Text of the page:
Entries tagged "navigation course"
Last night I divided my time between two very different arenas of the modern human experience. I watched dross on TV, including some Jonathan Dross himself, but then I found the antidote to such inanity. I nipped out regularly to put markers down in the snow, as I watched the moon's shadows march west across the white.
I took some photos of the results of my moon shadow stick, together with a perfect north-south line, which I will be using on my Beginner's Guide to Natural Navigation courses. Yes, that is a bit of a tease, but…
My sources tell me that the first is a Magpie Inkcap (Coprinopsis picaceus) and the second is Green Elf Cup/Wood cup/Stain (Chlorociboria aeruginascens).
My thanks, in no particular order, to:Nick Weston, Brian and Ross Gardner.
A thousand apologies for that title.
Seriously now, are there any fungi experts out there?
Yesterday I came across these two rather fun specimens during a family walk in our local woods. Thought one was a Panther cap, but looks a bit too 'pointy'…
A thick cold damp mist is bogged in over the South Downs this morning. I haven't been out much this week as I seem to have been zooming up and down the A roads to the Royal Geographical Society and back. On Monday night it was the last president, Prof Sir Gordon Conway's farewell lecture followed by a black tie dinner with the new President, Michael Palin CBE. Good food for mind and body and, as always at the RGS, great company and stories round the tables.Yesterday I gave my Beginner's Guide to Natural Navigation course for another wonderfully…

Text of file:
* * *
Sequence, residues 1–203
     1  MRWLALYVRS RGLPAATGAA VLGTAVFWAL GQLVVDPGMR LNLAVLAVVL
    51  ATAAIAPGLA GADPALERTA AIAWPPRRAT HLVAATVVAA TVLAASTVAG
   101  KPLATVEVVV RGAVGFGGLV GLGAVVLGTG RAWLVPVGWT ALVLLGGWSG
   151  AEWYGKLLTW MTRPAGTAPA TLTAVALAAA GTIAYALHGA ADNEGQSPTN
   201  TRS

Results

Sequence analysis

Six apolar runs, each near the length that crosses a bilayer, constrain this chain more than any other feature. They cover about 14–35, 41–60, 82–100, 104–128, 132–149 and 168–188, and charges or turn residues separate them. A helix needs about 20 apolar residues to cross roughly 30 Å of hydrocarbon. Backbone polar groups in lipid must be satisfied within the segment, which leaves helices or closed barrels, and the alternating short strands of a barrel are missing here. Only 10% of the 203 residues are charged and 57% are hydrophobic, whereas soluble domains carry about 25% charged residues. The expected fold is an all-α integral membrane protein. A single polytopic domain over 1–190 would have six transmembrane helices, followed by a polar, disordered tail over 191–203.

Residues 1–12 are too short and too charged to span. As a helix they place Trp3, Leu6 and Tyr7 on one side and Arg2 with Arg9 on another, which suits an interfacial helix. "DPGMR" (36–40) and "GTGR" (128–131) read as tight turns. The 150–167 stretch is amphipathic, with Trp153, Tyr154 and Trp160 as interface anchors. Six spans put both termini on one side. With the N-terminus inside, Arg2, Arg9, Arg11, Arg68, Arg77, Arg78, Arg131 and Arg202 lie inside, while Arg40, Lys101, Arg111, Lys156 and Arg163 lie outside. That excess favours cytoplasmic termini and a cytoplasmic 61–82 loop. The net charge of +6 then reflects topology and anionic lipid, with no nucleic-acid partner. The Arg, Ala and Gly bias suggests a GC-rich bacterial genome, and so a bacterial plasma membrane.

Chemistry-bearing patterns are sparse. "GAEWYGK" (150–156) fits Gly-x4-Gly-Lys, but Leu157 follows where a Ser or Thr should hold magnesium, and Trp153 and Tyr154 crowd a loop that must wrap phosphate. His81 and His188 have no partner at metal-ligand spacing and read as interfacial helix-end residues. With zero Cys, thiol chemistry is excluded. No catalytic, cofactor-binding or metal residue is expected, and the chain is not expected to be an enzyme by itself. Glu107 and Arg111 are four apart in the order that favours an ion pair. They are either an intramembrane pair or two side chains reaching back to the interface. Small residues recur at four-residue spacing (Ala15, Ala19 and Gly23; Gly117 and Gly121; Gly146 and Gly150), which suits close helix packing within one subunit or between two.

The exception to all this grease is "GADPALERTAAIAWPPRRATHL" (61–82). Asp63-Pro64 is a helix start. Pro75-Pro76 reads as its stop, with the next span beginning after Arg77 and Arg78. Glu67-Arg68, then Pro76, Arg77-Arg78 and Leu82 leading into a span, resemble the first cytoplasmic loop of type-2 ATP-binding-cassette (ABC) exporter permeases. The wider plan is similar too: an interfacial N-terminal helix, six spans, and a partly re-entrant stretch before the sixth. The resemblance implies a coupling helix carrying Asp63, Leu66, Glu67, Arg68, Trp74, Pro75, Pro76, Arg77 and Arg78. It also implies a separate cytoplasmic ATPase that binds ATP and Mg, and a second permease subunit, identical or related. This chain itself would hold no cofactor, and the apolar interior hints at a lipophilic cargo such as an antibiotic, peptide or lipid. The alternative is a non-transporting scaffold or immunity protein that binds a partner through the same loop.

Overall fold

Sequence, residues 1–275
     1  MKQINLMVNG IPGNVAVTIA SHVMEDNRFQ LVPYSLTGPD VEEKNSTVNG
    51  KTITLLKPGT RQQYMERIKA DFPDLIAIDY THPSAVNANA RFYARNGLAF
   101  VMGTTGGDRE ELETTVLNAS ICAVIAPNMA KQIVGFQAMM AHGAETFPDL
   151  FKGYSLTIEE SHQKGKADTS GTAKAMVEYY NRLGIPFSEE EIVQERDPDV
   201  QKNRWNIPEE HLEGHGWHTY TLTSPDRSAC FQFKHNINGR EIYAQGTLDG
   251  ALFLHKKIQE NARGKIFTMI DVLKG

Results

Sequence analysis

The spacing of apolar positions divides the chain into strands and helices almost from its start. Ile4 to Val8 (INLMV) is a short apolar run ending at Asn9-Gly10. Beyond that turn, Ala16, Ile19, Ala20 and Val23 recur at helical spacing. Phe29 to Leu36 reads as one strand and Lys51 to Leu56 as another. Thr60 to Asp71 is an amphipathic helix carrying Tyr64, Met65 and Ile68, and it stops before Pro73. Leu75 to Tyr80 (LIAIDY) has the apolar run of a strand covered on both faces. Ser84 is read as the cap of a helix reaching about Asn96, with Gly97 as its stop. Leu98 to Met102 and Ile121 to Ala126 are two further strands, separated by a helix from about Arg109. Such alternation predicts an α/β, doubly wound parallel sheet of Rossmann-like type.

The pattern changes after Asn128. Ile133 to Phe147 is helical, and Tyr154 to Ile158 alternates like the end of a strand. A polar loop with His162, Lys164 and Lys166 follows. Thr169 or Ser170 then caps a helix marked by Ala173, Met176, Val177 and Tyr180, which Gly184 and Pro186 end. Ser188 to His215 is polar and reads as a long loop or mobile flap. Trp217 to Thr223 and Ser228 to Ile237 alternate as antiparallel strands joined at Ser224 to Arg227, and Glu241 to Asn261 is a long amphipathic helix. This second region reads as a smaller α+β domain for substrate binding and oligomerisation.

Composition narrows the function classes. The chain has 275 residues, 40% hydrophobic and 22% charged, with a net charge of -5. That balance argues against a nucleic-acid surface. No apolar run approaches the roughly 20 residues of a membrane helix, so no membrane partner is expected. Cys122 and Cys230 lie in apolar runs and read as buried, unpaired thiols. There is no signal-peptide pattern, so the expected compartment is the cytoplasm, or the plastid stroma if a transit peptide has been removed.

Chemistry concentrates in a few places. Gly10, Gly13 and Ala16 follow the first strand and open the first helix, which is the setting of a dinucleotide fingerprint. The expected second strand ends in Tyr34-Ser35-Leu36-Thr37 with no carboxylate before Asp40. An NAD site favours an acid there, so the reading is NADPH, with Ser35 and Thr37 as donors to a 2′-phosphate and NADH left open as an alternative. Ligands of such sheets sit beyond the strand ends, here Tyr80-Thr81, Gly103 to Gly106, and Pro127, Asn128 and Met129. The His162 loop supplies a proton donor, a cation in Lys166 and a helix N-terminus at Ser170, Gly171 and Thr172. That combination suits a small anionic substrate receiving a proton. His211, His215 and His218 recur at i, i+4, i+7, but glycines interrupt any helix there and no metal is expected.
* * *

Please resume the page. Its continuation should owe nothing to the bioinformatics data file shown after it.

Many thanks to Tessa for this email. Uplifting story and so much more real than some of the dusty books about ancient astronomy that I have been reading recently...Hi Tristan,I very much enjoyed the Natural Navigation course last week and am certainly much more aware of the position of the sun every day than I was before.As I was walking the dog this morning it came to mind that but for an awareness of natural navigation by my father I might not be here! My father was in POW camp in Italy during the war and was being moved by train into…
An engaging group for the Beginner's Guide to Natural Navigation course at the Royal Geographical Society yesterday. Diverse in age and interests as always. When we were discussing the difference in the sun's behaviour between the solstices and equinox it felt more poignant that we are so close to the autumnal equinox itself. We looked at a model of the Earth orbiting the sun, then shifted our attention to shadows. A couple of days ago I took advantage of the sunshine to practice what I preach.This chalk line in this picture shows the shadow tips joined over a period of…
I have just been sent some photos from a private course I ran in the South Downs on Friday afternoon. The three navigators were Dom, Rog and Hamish, all of South African heritage. Hamish can be seen here, fighting his way through the best that the South Downs can offer in the way of 'bush'. We discussed many things during the course, some of them wonderfully off-topic, including Zulus and radioactive aliens.Someone mentioned that tennis courts have to be aligned a certain way to be LTA approved and so I thought I'd try to investigate this interesting notion.
During the Beginner's Guide course at West Dean College today we watched a few minutes from the unique film, 'The Navigators'.The film is about Mau Pialug, one of a very small number of Pacific Islanders still skilled in using traditional Pacific navigation methods. He explains his use of the stars and swell and demonstrates the methods using rocks on the beach, before embarking on an epic voyage without using instruments.Mau Pialug went on to play an important role in the founding of the Polynesian Voyaging Society, a non-profit organisation dedicated to preserving the traditional navigation methods.